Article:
Journal tags: writingmodes

1

Let’s get logical

I was refactoring some CSS on The Session over the weekend. I thought it would be good to switch over to using logical properties exclusively. I did this partly to make the site more easily translatable into languages with different writing modes, but mostly as an exercise to help train me in thinking with logical properties by default.

All in all, it went pretty smoothly. You can kick the tyres by opening up dev tools on The Session and adding a writing-mode declaration to the body or html element.

For the most part, the switchover was smooth. It mostly involved swapping out property names with left, right, top, and bottom for inline-start, inline-end, block-start, and block-end.

The border-radius properties tripped me up a little. You have to use shorthand like border-start-end-radius, not border-block-start-inline-end-radius (that doesn’t exist). So you have to keep the order of the properties in mind:

border-{{block direction}}-{{inline-direction}}-radius

Speaking of shorthand, I also had to kiss some shorthand declarations goodbye. Let’s say I use this shorthand for something like margin or padding:

margin: 1em 1.5em 2em 0.5em;

Those values get applied to margin-top, margin-right, margin-bottom, and margin-left, not the logical equivalents (block-start, inline-end, block-end, and inline-start). So separate declarations are needed instead:

margin-block-start: 1em;
margin-inline-end: 1.5em;
margin-block-end: 2em;
margin-inline-start: 0.5em;

Same goes for shorthand like this:

margin: 1em 2em;

That needs to be written as two declarations:

margin-block: 1em;
margin-inline: 2em;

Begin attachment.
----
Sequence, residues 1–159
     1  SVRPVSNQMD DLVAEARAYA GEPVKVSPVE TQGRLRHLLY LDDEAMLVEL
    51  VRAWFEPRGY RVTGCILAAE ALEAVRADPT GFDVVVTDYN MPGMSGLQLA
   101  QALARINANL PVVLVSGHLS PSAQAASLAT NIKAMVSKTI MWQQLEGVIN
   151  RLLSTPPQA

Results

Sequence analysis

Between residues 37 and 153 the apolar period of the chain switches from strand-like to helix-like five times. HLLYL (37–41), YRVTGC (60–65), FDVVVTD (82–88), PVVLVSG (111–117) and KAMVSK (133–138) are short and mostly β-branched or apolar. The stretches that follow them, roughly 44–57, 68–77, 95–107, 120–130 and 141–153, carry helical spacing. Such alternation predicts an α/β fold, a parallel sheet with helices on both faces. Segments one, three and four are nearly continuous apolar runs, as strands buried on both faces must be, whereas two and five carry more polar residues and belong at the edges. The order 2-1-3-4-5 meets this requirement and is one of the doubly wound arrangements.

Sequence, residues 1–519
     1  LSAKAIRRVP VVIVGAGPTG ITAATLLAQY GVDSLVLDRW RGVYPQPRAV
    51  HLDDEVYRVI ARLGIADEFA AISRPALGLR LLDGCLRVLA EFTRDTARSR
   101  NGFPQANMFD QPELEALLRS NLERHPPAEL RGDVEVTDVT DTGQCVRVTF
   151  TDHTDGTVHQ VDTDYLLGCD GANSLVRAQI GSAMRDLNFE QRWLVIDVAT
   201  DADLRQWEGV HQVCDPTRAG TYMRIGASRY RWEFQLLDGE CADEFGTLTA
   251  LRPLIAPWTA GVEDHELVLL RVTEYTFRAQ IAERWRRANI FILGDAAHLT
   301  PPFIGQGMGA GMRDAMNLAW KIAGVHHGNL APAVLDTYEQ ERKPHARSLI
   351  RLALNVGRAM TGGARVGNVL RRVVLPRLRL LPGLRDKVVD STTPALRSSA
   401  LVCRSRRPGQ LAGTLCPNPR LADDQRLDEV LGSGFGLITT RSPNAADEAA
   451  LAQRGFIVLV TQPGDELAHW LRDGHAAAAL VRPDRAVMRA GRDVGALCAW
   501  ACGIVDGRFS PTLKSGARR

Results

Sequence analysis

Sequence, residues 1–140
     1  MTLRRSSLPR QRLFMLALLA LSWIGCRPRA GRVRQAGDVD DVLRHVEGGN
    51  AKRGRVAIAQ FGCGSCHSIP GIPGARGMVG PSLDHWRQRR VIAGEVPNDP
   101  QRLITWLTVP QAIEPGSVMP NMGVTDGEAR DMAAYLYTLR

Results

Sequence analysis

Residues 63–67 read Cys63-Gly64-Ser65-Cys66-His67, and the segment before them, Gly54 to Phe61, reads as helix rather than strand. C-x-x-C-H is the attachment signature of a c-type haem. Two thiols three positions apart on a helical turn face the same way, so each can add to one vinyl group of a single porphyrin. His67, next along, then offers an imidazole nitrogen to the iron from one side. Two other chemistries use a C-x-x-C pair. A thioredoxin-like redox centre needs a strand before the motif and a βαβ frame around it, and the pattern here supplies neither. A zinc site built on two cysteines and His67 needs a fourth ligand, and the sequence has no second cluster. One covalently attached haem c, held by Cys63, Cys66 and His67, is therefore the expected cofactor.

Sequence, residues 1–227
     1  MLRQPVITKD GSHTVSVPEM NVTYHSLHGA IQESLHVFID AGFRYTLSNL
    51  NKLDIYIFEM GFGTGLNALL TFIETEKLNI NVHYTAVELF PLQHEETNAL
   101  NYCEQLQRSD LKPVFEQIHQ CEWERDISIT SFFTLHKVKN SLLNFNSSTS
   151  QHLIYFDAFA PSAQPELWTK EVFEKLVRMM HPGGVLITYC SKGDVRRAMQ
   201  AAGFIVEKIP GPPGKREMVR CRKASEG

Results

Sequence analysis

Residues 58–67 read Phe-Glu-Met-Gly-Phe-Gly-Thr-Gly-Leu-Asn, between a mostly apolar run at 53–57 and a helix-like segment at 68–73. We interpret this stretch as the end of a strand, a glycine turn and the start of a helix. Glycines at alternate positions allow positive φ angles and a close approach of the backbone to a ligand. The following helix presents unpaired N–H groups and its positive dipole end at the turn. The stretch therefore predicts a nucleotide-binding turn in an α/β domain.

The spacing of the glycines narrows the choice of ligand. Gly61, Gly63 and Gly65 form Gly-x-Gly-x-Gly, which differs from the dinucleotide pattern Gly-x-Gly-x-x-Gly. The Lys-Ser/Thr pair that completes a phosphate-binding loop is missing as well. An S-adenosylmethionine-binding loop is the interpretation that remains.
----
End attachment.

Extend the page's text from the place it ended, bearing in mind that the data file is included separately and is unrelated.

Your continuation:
Now I’ve said it before and I’ll say it again: it feels really weird that you can’t use logical properties in media queries. Although as I said:

Now you could rightly argue that in this instance we’re talking about the physical dimensions of the viewport. So maybe width and height make more sense than inline and block.

But along comes the new kid on the block (or inline), container queries, ready to roll with container-type values like inline-size. I hope it’s just a matter of time until we can use logical properties in all our conditional queries.

The other place where there’s still a cognitive mismatch is in transforms and animations. We’ve got a translateX() function but no translate-inline(). We’ve got translateY() but no translate-block().

On The Session I’m using some JavaScript to figure out the details of some animation effects. I’m using methods like getBoundingClientRect(). It doesn’t return logical properties. So if I ever want to adjust my animations based on writing direction, I’ll need to fork my JavaScript code.

Oh, and one other thing: the aspect-ratio property takes values in the form of width/height, not inline/block. That makes sense if you’re dealing with images, videos, or other embedded content but it makes it really tricky to use aspect-ratio on elements that contain text. I mean, it works fine as long as the text is in a language using a top-to-bottom writing mode, but not for any other languages.